Milkha Singh didn't construct runs; he conjured them

An elegant left-handed batsman with the gift of timing, A. G. Milkha Singh figured in four Tests for India. Although his success at the international stage was limited with a highest score of 35, many believed Milkha would have blossomed in Test cricket had he been given a longer run.

A. G. Milkha Singh during the match between Combined Universities and Madras Cricket Club at Poona in October 1961.   -  THE HINDU PHOTO LIBRARY

A fearless batsman, A. G. Milkha Singh’s batting, according to those who witnessed him at his peak, had the grace and flow of a natural. And there was a heart and feel to his cricket; he conjured runs rather than construct them.  

Sadly, Milkha, one of Tamil Nadu’s most charismatic cricketers, passed away following a cardiac arrest here on Friday morning. He was 75.

An elegant left-handed batsman with the gift of timing, Milkha figured in four Tests for India. Although his success at the international stage was limited with a highest score of 35, many believed Milkha would have blossomed in Test cricket had he been given a longer run.

Having made his Ranji debut at just 17, the precociously talented Milkha wore the India cap the next year. He matured with experience but did not receive another opportunity after the Tests between 1960 and ’61.

Milkha belonged to an illustrious cricketing family that embraced the city’s cricketing ethos and culture after emigrating here from Amristar in 1904.

His elder brother Kripal Singh, a technically accomplished batsman, notched up a century on Test debut while younger sibling, the fleet-footed Satwender Singh, was a fine stroke-maker for Tamil Nadu (then Madras).  

And their father A. G. Ram Singh was an outstanding left-arm spinning all-rounder for the State.

Although Milkha’s grandfather Jwala Singh set up an electrical wiring business here, the family went on to make cricketing history. Milkha, Kripal and Satwender played together in the Ranji Trophy. And Kripal’s son Arjan, too, turned out for Tamil Nadu and South Zone.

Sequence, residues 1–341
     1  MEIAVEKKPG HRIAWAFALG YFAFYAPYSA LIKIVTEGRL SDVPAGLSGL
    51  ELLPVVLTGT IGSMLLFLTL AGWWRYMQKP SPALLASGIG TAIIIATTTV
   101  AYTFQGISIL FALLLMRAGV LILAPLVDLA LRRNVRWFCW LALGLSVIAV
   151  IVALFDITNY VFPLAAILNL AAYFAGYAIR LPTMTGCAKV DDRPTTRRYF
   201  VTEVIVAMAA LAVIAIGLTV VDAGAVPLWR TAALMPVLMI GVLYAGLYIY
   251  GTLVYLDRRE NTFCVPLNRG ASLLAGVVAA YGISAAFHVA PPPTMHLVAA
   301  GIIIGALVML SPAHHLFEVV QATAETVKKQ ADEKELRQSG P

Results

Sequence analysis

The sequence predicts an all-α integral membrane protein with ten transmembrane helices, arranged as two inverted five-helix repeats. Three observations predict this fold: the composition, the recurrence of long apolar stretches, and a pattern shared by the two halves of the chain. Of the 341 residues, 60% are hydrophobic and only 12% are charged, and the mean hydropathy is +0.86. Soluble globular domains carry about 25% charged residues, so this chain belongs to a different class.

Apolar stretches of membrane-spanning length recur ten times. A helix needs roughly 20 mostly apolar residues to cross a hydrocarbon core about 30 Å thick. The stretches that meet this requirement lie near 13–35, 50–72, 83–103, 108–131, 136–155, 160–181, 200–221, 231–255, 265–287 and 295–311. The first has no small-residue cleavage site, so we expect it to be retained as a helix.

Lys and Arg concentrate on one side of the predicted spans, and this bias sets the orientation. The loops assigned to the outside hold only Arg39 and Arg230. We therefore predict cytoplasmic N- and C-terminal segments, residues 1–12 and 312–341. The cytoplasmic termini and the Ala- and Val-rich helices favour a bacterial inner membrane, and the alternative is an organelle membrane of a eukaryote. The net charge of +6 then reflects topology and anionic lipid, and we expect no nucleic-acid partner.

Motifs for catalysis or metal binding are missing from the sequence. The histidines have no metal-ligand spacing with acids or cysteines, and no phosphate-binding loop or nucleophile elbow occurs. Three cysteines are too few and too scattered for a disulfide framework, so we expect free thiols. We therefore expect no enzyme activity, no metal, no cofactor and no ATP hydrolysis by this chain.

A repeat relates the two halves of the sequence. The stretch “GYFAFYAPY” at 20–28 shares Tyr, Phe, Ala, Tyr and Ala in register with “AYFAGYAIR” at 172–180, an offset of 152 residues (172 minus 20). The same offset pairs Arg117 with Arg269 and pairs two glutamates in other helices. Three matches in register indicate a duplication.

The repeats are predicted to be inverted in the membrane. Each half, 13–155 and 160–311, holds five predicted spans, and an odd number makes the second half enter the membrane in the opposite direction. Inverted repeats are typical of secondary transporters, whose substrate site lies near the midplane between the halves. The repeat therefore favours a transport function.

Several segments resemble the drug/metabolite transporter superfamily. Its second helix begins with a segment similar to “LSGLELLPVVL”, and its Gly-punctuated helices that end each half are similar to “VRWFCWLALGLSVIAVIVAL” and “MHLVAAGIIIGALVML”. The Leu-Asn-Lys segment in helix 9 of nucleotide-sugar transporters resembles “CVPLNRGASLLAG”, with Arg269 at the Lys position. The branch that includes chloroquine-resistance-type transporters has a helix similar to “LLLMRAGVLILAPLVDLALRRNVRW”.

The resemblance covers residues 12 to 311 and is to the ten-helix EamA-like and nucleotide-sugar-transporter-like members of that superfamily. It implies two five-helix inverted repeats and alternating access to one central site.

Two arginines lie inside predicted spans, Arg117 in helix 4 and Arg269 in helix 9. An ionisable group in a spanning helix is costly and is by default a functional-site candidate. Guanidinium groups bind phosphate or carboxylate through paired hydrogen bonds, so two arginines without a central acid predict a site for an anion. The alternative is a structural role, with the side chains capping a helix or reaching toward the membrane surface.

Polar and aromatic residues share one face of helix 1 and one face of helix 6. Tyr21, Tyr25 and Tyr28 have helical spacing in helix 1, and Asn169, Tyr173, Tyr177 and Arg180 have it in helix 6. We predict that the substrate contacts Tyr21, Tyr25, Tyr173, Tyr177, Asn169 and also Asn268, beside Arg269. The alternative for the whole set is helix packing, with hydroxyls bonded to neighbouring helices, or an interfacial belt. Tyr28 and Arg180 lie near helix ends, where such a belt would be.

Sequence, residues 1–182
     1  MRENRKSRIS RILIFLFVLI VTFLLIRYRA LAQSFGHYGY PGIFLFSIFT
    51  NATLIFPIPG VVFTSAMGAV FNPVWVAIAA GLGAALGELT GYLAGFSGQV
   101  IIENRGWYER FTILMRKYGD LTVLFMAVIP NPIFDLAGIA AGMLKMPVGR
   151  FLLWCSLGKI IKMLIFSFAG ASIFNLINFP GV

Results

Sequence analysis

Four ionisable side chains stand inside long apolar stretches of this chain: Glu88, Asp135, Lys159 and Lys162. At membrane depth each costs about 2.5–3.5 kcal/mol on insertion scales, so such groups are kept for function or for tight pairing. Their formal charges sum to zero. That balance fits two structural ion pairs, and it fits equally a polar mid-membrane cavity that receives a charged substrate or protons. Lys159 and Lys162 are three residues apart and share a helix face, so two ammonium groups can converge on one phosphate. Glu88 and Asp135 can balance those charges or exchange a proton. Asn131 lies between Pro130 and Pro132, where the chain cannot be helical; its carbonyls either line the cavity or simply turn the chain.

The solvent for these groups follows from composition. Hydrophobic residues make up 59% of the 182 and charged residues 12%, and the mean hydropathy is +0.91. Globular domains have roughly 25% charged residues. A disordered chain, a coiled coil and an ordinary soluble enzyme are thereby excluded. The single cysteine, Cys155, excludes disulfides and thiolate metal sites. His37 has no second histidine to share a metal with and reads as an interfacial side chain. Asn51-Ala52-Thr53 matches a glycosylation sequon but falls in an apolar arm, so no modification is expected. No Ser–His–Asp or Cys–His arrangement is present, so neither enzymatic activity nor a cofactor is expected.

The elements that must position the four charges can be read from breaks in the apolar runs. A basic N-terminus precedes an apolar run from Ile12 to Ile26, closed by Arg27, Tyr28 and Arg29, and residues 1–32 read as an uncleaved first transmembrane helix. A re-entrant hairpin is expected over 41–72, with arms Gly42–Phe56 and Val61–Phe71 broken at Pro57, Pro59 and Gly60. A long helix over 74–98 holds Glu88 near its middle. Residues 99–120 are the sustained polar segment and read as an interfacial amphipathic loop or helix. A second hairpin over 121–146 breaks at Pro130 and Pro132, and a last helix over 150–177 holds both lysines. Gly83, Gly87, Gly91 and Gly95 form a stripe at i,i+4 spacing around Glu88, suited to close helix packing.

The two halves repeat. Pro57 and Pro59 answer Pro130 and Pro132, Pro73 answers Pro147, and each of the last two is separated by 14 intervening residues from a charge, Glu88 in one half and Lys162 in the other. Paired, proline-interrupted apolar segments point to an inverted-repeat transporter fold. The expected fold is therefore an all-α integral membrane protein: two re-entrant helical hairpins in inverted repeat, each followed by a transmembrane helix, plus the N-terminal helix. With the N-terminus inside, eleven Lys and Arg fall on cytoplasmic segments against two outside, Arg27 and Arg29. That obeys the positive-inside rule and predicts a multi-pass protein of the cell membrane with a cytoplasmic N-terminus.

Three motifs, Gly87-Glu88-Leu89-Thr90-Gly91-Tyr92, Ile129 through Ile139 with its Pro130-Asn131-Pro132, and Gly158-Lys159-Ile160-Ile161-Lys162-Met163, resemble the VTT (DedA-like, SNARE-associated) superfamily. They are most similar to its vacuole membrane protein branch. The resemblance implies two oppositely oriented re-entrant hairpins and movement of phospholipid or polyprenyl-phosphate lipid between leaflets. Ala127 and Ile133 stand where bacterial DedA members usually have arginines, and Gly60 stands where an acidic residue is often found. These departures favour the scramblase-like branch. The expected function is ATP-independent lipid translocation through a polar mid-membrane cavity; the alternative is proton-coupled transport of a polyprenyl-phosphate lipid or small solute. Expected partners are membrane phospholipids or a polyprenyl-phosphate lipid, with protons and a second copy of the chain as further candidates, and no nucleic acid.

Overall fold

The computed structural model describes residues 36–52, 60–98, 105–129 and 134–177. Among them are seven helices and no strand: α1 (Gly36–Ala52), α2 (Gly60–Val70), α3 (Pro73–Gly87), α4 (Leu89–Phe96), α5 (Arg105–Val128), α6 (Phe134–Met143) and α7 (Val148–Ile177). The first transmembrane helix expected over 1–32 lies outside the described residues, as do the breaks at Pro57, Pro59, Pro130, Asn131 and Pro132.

Milkha’s numbers in first class cricket – 4324 runs in 88 matches at 35.44 – are rather impressive but don’t tell the entire story.

“He had a rough exterior but would shed tears if he witnessed something that moved him. He was generous, helped the needy youngsters,” said Satwender Singh of his brother Milkha [in pic (taken at his residence in Chennai in 2013)].   -  K. PICHUMANI

 

This flamboyant batsman batted on days of spicy wickets and top-notch bowlers in domestic cricket. Milkha made runs when it mattered for his State and Zone.

He also found joy in his cricket. Milkha said to this writer once about his batting in the Sport and Pastime Trophy at the Marina ground. “I used to love hitting sixes that cleared the ground and landed on the road!”

Satwender said to Sportstar, “I was very close to Milkha as he was my immediate brother. He cared for me, would coach me. He was such a lovely batsman to watch with those cover drives. I remember him playing Prasanna and Chandrasekhar on turning tracks with such ease.”

Former India leg-spinner V. V. Kumar said, “He had this languid left-handed elegance, could play on the toughest of pitches, and batted according to the merit of the ball. He was the most stylish left-hander of his time.”

Milkha was a kind-hearted man too. Satwender said, “He had a rough exterior but would shed tears if he witnessed something that moved him. He was generous, helped the needy youngsters.”

Acknowledging his contribution, the Board of Control for Cricket in India and the Tamil Nadu Cricket Association condoled Milkha’s death.

Indeed, Milkha was one of a kind – a dashing, irrepressible batsman who travelled beyond numbers.

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